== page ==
If you asked my husband what the most life-changing moment was for him, he wouldn’t say the birth of our children or meeting me. He’d say finding out that HEB sells chopped onions in the freezer section. (Rude, right?) You see, my husband is all about efficiency. He likes to give his full attention to the more meaningful, more impactful things rather than spend precious time and energy on tedious things. Isn’t there a way to skip the watery eyes, sticky fingers and the annoyance of doing something that’s the first step in almost every meal he cooks? Wasn’t there a way to get a head-start, so he could get busy with the part that’s most meaningful?
Year after year, teachers are forced to do the same thing. They are handed a roster of student names and charged with helping those students be smarter, more academically and developmentally complete in 9 months. And every year, they start the school year doing the same thing: chopping onions...I mean...getting to know students. While this is absolutely an essential step, there is no reason teachers should have to start from scratch here. Doing so means they are in essence spending less time and energy on the more meaningful work that they uniquely positioned to do: teaching.
This doesn’t have to be the case.
Think about bacon. When we panfry bacon, we’re left with a flavor goldmine in the bottom of the skillet: renderings. This amazing concentration of goodness can provide a boost of flavor to everything from soups to roasted veggies and anything in between. Or they can be discarded. Over the last year, your child’s teachers have spent countless hours learning your son or daughter. They’ve figured out in what conditions your child thrives best. They’ve learned what kinds of lessons and which subjects pique your child’s curiosities and which don’t. These teachers have seen your child at their best and worse. And now, as the year winds down, you have to decide what to do with the renderings, the amazing concentration of information that say so much more about your child than numerical grades. Or it could be wasted.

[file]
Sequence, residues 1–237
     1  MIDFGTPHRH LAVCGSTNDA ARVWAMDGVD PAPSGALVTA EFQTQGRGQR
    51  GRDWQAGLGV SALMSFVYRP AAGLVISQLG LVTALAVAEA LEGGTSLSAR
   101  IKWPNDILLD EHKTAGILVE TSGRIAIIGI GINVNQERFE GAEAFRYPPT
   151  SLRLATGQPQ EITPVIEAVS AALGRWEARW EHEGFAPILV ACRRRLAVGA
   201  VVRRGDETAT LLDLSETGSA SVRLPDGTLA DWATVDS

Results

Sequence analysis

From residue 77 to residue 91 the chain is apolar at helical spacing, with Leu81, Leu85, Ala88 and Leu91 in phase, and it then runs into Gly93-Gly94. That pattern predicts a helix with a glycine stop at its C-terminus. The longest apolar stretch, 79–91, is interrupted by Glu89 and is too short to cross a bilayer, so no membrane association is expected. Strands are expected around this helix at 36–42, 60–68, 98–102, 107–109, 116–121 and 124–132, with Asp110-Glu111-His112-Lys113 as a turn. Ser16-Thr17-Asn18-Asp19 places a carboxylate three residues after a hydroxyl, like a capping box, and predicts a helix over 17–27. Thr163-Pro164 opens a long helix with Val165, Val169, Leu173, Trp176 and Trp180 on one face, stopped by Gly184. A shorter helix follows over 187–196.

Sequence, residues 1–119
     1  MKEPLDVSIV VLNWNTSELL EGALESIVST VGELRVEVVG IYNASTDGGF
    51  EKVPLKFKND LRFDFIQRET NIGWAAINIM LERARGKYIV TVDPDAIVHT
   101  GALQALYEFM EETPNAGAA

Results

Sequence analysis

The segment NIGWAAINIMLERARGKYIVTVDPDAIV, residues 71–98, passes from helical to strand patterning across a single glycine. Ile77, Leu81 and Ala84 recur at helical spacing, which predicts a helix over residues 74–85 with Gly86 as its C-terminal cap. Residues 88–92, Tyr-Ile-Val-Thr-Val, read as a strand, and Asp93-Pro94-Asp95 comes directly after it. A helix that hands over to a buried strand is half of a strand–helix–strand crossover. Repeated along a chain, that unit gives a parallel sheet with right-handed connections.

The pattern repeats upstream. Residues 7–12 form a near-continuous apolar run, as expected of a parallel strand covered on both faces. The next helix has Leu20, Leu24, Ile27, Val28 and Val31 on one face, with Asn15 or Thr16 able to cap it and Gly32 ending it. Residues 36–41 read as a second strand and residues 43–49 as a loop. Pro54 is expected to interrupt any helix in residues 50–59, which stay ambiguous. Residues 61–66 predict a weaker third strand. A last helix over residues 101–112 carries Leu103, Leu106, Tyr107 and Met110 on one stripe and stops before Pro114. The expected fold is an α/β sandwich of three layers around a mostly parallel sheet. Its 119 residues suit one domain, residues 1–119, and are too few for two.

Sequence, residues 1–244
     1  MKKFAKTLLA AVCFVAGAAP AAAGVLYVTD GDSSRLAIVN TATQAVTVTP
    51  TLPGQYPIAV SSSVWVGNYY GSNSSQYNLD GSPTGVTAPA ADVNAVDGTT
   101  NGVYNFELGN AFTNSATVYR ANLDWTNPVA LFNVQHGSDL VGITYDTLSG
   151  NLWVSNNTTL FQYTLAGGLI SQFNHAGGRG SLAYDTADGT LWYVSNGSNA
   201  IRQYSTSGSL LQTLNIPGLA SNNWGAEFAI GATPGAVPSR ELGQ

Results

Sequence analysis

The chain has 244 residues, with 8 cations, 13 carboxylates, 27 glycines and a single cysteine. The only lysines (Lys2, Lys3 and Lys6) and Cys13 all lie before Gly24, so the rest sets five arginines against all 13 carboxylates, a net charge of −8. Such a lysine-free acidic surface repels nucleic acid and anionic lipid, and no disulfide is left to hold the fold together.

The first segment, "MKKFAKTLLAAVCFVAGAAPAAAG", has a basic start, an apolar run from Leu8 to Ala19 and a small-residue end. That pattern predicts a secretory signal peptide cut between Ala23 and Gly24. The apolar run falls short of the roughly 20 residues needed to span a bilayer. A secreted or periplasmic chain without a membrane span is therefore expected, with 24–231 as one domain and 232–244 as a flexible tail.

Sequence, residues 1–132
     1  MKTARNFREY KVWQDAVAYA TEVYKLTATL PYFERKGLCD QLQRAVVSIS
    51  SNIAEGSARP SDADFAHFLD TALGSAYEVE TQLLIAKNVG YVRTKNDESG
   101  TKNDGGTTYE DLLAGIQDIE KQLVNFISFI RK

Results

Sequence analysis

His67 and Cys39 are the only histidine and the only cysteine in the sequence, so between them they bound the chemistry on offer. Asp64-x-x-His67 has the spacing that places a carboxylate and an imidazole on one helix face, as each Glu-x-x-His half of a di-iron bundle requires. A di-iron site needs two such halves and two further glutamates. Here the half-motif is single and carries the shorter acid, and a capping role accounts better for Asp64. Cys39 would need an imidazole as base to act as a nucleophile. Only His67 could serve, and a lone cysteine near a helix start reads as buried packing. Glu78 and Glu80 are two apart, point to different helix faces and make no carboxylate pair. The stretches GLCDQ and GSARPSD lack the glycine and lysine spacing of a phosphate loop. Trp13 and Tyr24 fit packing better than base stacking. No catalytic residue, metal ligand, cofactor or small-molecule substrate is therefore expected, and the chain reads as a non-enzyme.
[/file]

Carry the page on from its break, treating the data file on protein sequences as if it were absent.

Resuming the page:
In the same way that HEB’s precut onions give my husband a head-start and the opportunity to jump right in to what matters most in his cooking, you have the opportunity to give your child’s next teacher the opportunity to do the same. By collecting and sharing all of the knowledge and goodness that your child’s current teacher has spent the last several months figuring out, you provide continuity, allowing your child to pick up where he left off. When a teacher shares the strategies that have worked with a student in the past, the new teacher has a go-to guide, a cheatsheet of sorts that can only serve your child well. Sure, every teacher needs to get to know his/her own students, but the benefits of not starting from scratch are many–especially when list of new students is long.
To help with this, I advise my parents to use my End of the Year Reflection tool, which is great for having your child’s teacher download what’s been learned over these last few months so that information can be passed along to the next teacher. Use this tool so that when it's time to have the essential first conversation with your child's teacher, you'll have specific, meaningful information to share to help her/him best serve your child.
Click the button below to download the End of Year Reflection tool and for future access to other things in my Parent/Teacher Toolkit (including Establishing the Parent/Teacher Partnership: First Conversations).
Don't let that concentration of goodness go to waste. Click the button below to download the End of Year Reflection tool!